The two relevant cases cited by the parties, Olsen v. Dairyland Mutual Insurance Company and Bucholz v. Hutton, both involve more significant violations of the applicable statutes than Trotter's purported violation here. In Olsen, the plaintiff failed to provide notice of service upon the secretary of state with the complaint; failed to indicate that the certified mail required personal delivery; and no return receipt of the defendant demonstrating receipt of notice of service was filed. 248 F.Supp. 639, 641 (Mont. 1966). The Court thus found the service was invalid. Id. In Bucholz, notice of service was mailed by the plaintiff's attorney before service was actually made upon the Secretary of State; the notice was not sent by registered mail requiring personal delivery' to the defendant; the defendant did not personally sign the return receipt, and there was no evidence that he actually received the notice of service and copy of summons and complaint. 153 F.Supp. 62, 68 (D.C. Mont. 1957).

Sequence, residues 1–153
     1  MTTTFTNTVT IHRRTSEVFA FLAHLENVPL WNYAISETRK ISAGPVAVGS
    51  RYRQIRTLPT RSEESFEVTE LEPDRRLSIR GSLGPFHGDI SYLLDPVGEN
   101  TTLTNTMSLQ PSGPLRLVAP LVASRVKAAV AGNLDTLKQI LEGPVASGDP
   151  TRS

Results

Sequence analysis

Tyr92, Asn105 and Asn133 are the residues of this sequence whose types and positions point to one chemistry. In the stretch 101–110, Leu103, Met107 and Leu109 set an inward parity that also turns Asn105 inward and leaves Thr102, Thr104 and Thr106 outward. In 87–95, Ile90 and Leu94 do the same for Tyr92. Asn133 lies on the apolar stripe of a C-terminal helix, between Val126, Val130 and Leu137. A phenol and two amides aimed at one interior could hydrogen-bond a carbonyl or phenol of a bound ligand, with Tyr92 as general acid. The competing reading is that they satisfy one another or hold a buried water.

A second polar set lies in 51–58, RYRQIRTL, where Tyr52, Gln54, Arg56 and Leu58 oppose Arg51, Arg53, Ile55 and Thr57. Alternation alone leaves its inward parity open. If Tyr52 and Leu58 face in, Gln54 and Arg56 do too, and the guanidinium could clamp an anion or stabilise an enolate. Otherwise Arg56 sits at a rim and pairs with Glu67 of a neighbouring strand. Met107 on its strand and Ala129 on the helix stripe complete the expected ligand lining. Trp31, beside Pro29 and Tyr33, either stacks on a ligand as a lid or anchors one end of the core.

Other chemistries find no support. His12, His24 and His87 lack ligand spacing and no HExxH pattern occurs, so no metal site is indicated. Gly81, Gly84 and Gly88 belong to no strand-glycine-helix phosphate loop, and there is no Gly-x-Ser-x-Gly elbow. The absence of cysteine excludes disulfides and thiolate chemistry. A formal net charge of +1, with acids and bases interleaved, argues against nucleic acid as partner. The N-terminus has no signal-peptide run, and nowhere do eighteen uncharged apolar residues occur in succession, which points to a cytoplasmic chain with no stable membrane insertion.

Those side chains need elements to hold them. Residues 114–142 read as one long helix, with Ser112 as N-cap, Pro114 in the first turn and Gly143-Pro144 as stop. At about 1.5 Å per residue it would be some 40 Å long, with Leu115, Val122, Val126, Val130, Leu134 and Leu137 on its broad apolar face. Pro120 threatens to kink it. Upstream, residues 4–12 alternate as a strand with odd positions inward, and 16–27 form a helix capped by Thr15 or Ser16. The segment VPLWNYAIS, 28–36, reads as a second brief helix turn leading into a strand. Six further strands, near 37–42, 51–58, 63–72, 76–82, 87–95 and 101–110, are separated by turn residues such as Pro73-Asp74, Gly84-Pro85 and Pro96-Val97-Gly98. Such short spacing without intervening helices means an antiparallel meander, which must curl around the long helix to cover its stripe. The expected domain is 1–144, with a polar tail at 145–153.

As Trotter points out, she properly served the affidavit, summons, and complaint for service on the secretary of state, and a certified copy of these documents were sent to Tredick's correct address marked "Deliver to Addressee Only" and "Return Receipt Requested." (Doc. 27 at 25.) The only questionable aspect of Trotter's compliance with Rule 4(p) is whether the return of the documents marked "unclaimed" rather than "refused" is sufficient.